The Gaza Strip is one of the most densely populated regions on Earth, and it is located in a desert. There are few jobs and no real methods of gaining wealth. Palestinians living in the Gaza Strip or the West Bank need to rely on outside support to survive. These are small areas with lots of people. The West Bank is only about thirty miles wide by seventy-five miles long, yet more than 2.5 million people call it home. The Gaza Strip is a desert region about six miles wide by twenty-three miles long and is home to more than 1.5 million people. In 2010, family size in the West Bank was about 3.2, and in the Gaza Strip, it was about 5.0. Unemployment rates averaged about 40 percent in the Gaza Strip and over 20 percent in the West Bank.“The World Factbook,” Central Intelligence Agency, https://www.cia.gov/library/publications/the-world-factbook Underemployment is also a major issue in that there may be few employment opportunities for professionals with specialized skills or a university degree in a specific field of interest.
Figure 8.25 A Street in the West Bank City of Nablus
Cell phones are ubiquitous in Nablus.
Source: Photo by R. Berglee.
In 2006, both Israel and the PLO held democratic elections for their leaders. In 2006, a candidate from the Hamas party won the election for the leadership of the PLO, which concerned many of the PLO’s external financial supporters. The Israeli government characterizes Hamas as a terrorist organization that supports the destruction of the State of Israel. Hamas has advocated for suicide bombers to blow themselves up on populated Jewish streets. The Jewish State of Israel has been fighting a low-level war against Palestinian resistance groups such as Hamas since 1948. In 2008, the leaders of the Fatah party, which are more prominent in the West Bank region, took matters to the PLO Central Council, which chose Mahmoud Abbas as president of the State of Palestine.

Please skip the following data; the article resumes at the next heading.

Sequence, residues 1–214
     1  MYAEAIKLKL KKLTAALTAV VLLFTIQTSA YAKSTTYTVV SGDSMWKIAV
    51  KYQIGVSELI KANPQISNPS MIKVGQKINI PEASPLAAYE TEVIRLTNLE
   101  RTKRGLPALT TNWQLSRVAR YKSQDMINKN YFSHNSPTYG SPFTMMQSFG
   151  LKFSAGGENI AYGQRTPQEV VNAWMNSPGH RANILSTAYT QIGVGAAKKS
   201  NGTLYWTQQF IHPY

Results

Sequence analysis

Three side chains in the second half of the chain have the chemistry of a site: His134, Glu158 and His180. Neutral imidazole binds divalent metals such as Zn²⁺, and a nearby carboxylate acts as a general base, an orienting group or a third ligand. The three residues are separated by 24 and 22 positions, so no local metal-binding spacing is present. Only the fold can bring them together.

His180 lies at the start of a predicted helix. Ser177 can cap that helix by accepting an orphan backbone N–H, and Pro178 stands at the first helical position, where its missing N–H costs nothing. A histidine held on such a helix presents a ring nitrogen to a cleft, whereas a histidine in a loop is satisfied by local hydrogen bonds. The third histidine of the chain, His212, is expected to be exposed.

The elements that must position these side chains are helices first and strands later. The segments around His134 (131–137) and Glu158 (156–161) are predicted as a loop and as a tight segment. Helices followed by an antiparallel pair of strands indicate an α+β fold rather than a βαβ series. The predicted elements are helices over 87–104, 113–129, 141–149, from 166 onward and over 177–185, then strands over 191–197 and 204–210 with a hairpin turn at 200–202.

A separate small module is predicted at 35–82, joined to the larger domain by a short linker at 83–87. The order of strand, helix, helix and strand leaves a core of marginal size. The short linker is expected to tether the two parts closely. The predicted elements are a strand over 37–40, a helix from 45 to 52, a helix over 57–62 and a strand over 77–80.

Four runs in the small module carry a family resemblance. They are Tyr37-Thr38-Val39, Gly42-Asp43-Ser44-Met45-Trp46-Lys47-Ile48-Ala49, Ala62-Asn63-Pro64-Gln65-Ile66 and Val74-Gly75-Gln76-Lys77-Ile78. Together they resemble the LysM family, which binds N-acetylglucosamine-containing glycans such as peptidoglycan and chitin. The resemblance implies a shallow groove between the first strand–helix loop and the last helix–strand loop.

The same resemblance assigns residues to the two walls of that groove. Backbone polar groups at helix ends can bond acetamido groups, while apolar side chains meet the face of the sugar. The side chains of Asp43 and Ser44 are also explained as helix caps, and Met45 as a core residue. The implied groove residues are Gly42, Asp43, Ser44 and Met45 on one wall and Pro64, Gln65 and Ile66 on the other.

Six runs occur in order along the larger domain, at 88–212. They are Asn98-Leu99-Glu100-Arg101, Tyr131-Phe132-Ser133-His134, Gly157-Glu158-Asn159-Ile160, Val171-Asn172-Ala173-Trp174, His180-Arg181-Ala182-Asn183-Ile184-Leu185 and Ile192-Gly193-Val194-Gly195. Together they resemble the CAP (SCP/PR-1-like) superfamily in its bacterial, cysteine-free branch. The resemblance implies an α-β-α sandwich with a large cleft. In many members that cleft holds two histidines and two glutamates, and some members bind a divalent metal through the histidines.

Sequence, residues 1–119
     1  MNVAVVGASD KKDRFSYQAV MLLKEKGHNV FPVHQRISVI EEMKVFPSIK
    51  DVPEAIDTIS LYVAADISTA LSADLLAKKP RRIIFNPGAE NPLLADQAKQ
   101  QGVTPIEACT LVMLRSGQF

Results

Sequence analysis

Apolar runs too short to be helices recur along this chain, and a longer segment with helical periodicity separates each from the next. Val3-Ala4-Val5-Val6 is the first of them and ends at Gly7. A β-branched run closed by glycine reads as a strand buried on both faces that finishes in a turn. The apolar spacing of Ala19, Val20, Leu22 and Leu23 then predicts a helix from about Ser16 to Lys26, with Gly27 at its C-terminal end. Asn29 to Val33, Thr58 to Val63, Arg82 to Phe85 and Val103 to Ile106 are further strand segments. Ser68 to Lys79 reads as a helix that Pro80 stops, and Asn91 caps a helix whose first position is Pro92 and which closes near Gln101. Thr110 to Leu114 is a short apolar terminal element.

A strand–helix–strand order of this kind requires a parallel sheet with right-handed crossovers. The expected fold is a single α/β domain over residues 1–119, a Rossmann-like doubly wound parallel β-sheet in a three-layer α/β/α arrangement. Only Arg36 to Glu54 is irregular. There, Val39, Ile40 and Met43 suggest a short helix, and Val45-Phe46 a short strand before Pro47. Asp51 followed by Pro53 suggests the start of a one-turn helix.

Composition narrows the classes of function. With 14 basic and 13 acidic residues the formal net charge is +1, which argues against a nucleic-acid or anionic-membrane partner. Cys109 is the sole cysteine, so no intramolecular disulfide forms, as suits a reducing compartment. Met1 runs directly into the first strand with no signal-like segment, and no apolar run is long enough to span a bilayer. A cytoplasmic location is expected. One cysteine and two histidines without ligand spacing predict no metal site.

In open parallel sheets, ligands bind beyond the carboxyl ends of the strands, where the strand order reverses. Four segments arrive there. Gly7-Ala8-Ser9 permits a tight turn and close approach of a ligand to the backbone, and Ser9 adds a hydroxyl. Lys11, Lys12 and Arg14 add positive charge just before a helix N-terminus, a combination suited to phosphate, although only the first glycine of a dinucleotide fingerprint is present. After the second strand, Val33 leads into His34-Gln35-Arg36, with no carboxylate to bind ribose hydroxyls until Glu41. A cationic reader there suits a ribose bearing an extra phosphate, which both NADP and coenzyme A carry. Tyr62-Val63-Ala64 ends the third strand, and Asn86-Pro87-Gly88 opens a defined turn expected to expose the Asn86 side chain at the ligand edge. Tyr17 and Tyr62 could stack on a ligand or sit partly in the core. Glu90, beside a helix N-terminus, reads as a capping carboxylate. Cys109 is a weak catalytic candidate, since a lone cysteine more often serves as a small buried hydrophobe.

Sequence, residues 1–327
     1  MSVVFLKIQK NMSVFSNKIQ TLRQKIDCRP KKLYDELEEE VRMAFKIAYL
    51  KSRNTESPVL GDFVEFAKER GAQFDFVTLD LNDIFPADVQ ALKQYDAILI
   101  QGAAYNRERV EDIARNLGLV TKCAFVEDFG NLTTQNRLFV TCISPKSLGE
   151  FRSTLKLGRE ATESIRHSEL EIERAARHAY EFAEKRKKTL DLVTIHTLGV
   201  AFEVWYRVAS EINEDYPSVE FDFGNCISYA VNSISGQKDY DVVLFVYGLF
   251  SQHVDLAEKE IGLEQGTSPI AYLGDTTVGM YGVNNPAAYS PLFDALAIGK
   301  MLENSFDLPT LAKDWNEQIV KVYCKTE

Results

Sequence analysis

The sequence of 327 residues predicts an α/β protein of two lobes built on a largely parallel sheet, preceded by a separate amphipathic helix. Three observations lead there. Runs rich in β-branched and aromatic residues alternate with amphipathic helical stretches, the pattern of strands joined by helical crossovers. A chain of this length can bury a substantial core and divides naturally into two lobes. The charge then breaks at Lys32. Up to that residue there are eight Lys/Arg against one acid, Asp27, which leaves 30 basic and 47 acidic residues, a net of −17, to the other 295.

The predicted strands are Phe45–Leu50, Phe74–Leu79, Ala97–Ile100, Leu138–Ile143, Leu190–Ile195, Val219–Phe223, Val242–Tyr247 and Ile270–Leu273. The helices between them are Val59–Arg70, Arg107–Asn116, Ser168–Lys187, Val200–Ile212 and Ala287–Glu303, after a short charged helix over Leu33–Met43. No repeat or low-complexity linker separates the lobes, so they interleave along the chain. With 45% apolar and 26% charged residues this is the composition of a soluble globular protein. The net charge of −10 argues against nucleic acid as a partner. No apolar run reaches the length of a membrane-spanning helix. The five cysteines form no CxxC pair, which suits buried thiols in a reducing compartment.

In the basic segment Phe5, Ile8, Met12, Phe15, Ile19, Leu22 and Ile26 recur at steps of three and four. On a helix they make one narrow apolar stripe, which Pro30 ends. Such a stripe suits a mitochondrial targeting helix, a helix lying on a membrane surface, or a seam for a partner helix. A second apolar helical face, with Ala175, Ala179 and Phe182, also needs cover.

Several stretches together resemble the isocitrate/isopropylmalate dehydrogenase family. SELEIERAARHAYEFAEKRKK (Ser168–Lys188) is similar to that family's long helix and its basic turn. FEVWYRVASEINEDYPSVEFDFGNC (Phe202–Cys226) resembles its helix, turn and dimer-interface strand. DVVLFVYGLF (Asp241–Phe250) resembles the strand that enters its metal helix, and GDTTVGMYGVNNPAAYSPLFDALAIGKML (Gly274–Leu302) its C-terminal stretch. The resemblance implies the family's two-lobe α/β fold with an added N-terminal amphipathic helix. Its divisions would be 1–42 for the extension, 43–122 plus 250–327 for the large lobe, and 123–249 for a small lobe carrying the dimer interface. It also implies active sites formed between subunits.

Figure 8.26 Security Wall between Israel and the West Bank
Source: Photo by R. Berglee.
The problems between Israel and Palestinians are far from settled. The region has plenty of interconnected concerns. The biggest supporter of Israel, the United States, invaded Iraq in 2003, an invasion that raised the concern level of Islamic groups in the Middle East, including the Islamic leaders that control the government of Iran. Israel has nuclear weapons, and Iran has worked at developing nuclear weapons. US involvement in the region has heightened tensions between Iran and Israel. Oil revenues are driving the economies of most of the Arab countries that support the Palestinians. Oil is an important export of the region, with the United States as a major market. The difficulties between Israel and the Palestinians continue to fuel the conflict between Islamic fundamentalists and Islamic reformers. Some Islamic groups have accepted Israel’s status as a country and others have not. The Israel-Palestinian problem drives the geopolitics of the Middle East. The US war in Iraq has complicated the situation but has not superseded it. The situation in Palestine is predicted to continue long after the problems in Iraq have stabilized.
Figure 8.27 West Bank Settlements and Palestinian-Controlled Areas
Source: Updated from map courtesy of CIA World Factbook.
North of the Arabian Peninsula are three Arab states that surround Israel: Jordan, Syria, and Lebanon. Each country possesses its own unique physical and cultural geography. The country of Jordan was created through the British Mandate after World War I, when Britain defeated the Turks in Palestine. The area east of the Jordan River became the modern country of Jordan in 1946. From 1953 to 1999, during the most volatile period of the region, the country was ruled by a pragmatic leader, King Hussein, who was able to skillfully negotiate his way through the difficult relationship with Israel and yet keep his country stable. When Palestine was divided by the UN to create the State of Israel, the region of Jordan received more than a million Palestinian refugees from the West Bank and Israel. Refugees make up a large portion of the more than six million people who live in Jordan today; about a half million refugees from the US war in Iraq are included in that total.
Jordan is not large in physical area. Natural resources such as oil and water are not abundant here, and the country often has to rely on international aid to support its economy. Inflation, poverty, and unemployment are basic issues. The government of Jordan is a constitutional monarchy. King Hussein’s son ‘Abdullah II took power after the king’s death in 1999. Economic reforms were implemented by King ‘Abdullah II to improve the long-term outlook of the country and raise the standard of living for his citizens. The king allowed municipal elections to be conducted, which allowed for 20 percent of the positions to be dedicated to women candidates. Parliamentary elections were held by a democratic vote.